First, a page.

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Habeas Domus

Chronic Fatigue And Debt

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On a Sunday morning in early June, Kate, a 36-year-old counsellor, was sitting on a sofa, drinking a cup of tea, and saying she didn't think she could go on any more. "I can't see a way out," she said. "I look at my life and I don't see any possibility of hope." She dipped her head and put a thumb up to her eye to brush away a tear. "I know I've said it before. But this time... I've come to the end."

Kate said: "I don't know what to do. God, I could just give up. Yesterday I had this feeling that I could just give up my responsibilities. I could become derelict and hopeless. But that's not the way to go, is it? I have a child. I have my job. Something's got to give. I don't know what, but something's got to give, because I'm at breaking point."

I was talking to Kate about exhaustion. I should say, first of all, that Kate is not her real name - she does not want me to use her real name. What if her boss knew the state she was in? For one thing, she is responsible for the wellbeing of other people - people who are supposed to be more vulnerable than her. Although sometimes, these days, she's not so sure.

What state is Kate in, exactly? She is drained beyond belief. Her facial expression reminds you of one of those young combat veterans you see in war photography; she has a "thousand-yard stare". Her facial muscles are somehow bunched up. Her body, she says, aches all over. She is often dizzy and nauseous. She describes her mental state as "foggy" and "fuzzy". On top of this, she has persistent bacterial and viral infections - this month she has had a cough; last month she had aches and fevers. She has just finished two courses of antibiotics; her cough, she says, is dying down. But when one thing dies down, another always springs up to take its place.


"We get spent," writes Lipman, "because our modern lifestyle has removed us from nature and we have become divorced from its rhythms and cycles." And what is our modern lifestyle? Lipman is very clear on this. "We are slaves

to the corporate model," he says. "I think it is going to get worse and worse - and I don't see any improvement in the near future until we reach some kind of tipping point and wake up."

Speaking on a mobile phone from a beach in Cape Town, Lipman tells me why the modern lifestyle makes us exhausted. We're all chasing money. That's one thing.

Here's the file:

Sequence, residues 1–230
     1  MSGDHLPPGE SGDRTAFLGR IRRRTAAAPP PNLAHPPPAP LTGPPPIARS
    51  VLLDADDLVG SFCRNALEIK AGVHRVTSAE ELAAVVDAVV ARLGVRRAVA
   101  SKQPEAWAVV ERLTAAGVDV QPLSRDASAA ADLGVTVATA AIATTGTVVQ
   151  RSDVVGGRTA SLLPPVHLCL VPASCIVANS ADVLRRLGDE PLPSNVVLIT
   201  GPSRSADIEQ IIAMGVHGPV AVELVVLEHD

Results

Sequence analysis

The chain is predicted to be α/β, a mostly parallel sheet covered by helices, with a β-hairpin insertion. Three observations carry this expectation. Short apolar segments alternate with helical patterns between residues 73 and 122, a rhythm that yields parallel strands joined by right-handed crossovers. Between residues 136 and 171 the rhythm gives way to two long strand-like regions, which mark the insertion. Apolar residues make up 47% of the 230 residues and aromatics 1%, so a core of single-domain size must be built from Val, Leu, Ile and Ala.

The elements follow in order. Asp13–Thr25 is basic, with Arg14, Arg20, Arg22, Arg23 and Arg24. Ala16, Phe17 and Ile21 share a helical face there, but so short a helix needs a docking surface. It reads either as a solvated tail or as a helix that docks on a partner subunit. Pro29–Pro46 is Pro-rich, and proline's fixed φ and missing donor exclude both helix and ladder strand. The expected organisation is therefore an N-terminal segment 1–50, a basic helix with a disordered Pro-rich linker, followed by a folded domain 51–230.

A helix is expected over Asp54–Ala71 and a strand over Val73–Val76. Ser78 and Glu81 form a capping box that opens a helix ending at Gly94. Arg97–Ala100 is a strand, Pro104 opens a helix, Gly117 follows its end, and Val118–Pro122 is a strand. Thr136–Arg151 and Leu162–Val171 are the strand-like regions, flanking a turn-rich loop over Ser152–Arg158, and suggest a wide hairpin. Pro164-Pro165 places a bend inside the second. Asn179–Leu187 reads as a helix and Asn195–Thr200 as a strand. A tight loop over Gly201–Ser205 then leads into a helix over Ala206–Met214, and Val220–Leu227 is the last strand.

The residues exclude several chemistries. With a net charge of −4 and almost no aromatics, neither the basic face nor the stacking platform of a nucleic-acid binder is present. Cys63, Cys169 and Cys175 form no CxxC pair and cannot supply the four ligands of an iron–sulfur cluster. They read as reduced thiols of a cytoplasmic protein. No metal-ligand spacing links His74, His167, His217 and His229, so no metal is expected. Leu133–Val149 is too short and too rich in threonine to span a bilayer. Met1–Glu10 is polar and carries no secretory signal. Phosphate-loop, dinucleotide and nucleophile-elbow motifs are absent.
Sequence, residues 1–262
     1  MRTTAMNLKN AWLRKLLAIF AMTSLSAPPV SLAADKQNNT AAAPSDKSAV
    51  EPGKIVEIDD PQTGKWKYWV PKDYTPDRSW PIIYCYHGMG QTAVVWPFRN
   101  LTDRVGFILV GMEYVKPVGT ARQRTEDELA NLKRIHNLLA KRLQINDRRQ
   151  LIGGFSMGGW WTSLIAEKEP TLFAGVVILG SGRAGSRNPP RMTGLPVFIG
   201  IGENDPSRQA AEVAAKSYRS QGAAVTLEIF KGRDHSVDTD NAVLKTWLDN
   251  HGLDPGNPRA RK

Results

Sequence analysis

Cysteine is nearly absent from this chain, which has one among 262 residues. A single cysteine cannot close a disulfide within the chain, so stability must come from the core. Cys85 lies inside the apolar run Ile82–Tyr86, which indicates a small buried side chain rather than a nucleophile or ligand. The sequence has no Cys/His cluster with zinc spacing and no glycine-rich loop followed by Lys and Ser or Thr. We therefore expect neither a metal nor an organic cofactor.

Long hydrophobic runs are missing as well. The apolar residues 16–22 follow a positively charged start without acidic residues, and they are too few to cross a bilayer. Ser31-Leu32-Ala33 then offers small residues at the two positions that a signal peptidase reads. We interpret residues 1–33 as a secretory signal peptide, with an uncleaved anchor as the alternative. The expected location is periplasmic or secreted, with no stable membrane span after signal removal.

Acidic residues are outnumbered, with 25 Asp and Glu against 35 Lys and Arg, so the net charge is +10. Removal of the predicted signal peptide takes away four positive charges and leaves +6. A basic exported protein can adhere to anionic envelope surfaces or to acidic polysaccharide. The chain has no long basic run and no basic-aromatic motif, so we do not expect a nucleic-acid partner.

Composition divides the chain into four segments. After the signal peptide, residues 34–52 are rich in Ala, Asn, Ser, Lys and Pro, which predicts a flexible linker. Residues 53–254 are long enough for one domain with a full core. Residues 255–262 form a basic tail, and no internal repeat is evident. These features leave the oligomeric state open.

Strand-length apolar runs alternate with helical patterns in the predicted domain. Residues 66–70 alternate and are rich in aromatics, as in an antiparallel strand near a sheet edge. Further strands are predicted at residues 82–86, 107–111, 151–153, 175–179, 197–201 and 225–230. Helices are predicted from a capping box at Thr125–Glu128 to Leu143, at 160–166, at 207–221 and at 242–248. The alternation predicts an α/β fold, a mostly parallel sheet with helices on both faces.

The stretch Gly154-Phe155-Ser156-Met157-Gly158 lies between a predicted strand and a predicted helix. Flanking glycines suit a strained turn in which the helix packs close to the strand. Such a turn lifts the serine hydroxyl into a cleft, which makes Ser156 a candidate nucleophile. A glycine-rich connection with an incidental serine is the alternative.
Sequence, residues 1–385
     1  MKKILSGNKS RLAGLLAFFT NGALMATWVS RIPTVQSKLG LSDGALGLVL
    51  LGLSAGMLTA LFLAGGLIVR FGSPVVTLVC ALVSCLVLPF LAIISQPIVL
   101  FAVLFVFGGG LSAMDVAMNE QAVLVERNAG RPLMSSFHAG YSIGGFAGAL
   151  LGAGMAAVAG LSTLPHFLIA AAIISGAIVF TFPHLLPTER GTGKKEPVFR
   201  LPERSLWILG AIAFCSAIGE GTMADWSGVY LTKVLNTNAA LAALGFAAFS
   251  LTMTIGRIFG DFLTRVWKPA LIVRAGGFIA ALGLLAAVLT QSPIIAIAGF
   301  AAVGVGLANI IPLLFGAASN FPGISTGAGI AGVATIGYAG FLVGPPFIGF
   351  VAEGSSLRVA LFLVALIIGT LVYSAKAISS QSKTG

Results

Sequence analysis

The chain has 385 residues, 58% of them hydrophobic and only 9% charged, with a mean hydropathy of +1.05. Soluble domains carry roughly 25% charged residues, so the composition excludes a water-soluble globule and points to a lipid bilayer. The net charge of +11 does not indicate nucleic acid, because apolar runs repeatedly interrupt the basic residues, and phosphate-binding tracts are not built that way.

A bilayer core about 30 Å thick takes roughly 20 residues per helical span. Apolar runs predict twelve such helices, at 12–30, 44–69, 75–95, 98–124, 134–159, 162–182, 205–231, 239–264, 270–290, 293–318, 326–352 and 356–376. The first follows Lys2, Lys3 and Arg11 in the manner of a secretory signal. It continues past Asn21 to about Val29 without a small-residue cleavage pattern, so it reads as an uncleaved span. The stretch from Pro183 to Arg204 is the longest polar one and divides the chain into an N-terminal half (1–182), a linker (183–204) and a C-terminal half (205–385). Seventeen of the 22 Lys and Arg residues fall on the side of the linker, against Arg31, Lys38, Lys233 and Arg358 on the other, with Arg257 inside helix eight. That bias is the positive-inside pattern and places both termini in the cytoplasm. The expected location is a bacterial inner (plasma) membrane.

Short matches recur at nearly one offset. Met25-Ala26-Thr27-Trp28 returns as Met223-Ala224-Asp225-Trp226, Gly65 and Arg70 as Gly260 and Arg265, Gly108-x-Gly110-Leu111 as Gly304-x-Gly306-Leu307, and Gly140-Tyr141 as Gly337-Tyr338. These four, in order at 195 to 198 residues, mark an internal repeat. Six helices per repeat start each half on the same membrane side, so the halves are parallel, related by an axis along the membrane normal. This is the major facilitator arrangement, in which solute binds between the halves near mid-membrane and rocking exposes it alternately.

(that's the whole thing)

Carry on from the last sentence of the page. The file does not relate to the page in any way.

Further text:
And because we're all in debt, we have to chase more money this year than we did the last. If, say, we work in the food industry, we are forced to look at ways of producing food that costs less and that people want more - food, in other words, that is cheap and addictive... If we don't, our profits won't grow, and we'll go bust. If we do, we'll pump our customers full of processed carbohydrates and sugar, which will make their blood sugar spike and crash, exhausting them. And when they're exhausted, what will they want? More sugar and starch.

It's a snowball. An indebted economy must work harder all the time just to stay ahead of the creditors. It must spew up endless new products. More and more choice for the consumer - 50 brands of cooking oil, 200 brands of beer, 500 TV channels, tens of thousands of websites. The American sociologist Barry Schwartz has studied product proliferation, and he believes that, after a certain point, too much choice overloads our brains. "Increased choice," he writes in his book The Paradox of Choice, "may actually contribute to the recent epidemic of clinical depression affecting much of the western world." Schwartz checked out his local supermarket to see how much choice he was being offered. "There were 16 varieties of instant mashed potatoes," he writes.


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Sounds like the Guardian setting out the governments strategy, that actually, your inevitable unemployment is a good natural healthy way of life.

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I was talking to Kate about exhaustion. I should say, first of all, that Kate is not her real name

Yeah cos everyone would guess who it was if you used her real name!

This is used a lot these days to make the story more sinister or foreboding or whatever, when its just a load of old ******.

****** isnt its real name I changed it fron knackers to protect its identity.

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  • 395 Brexit, House prices and Summer 2020

    1. 1. Including the effects Brexit, where do you think average UK house prices will be relative to now in June 2020?

      • down 5% +
      • down 2.5%
      • Even
      • up 2.5%
      • up 5%

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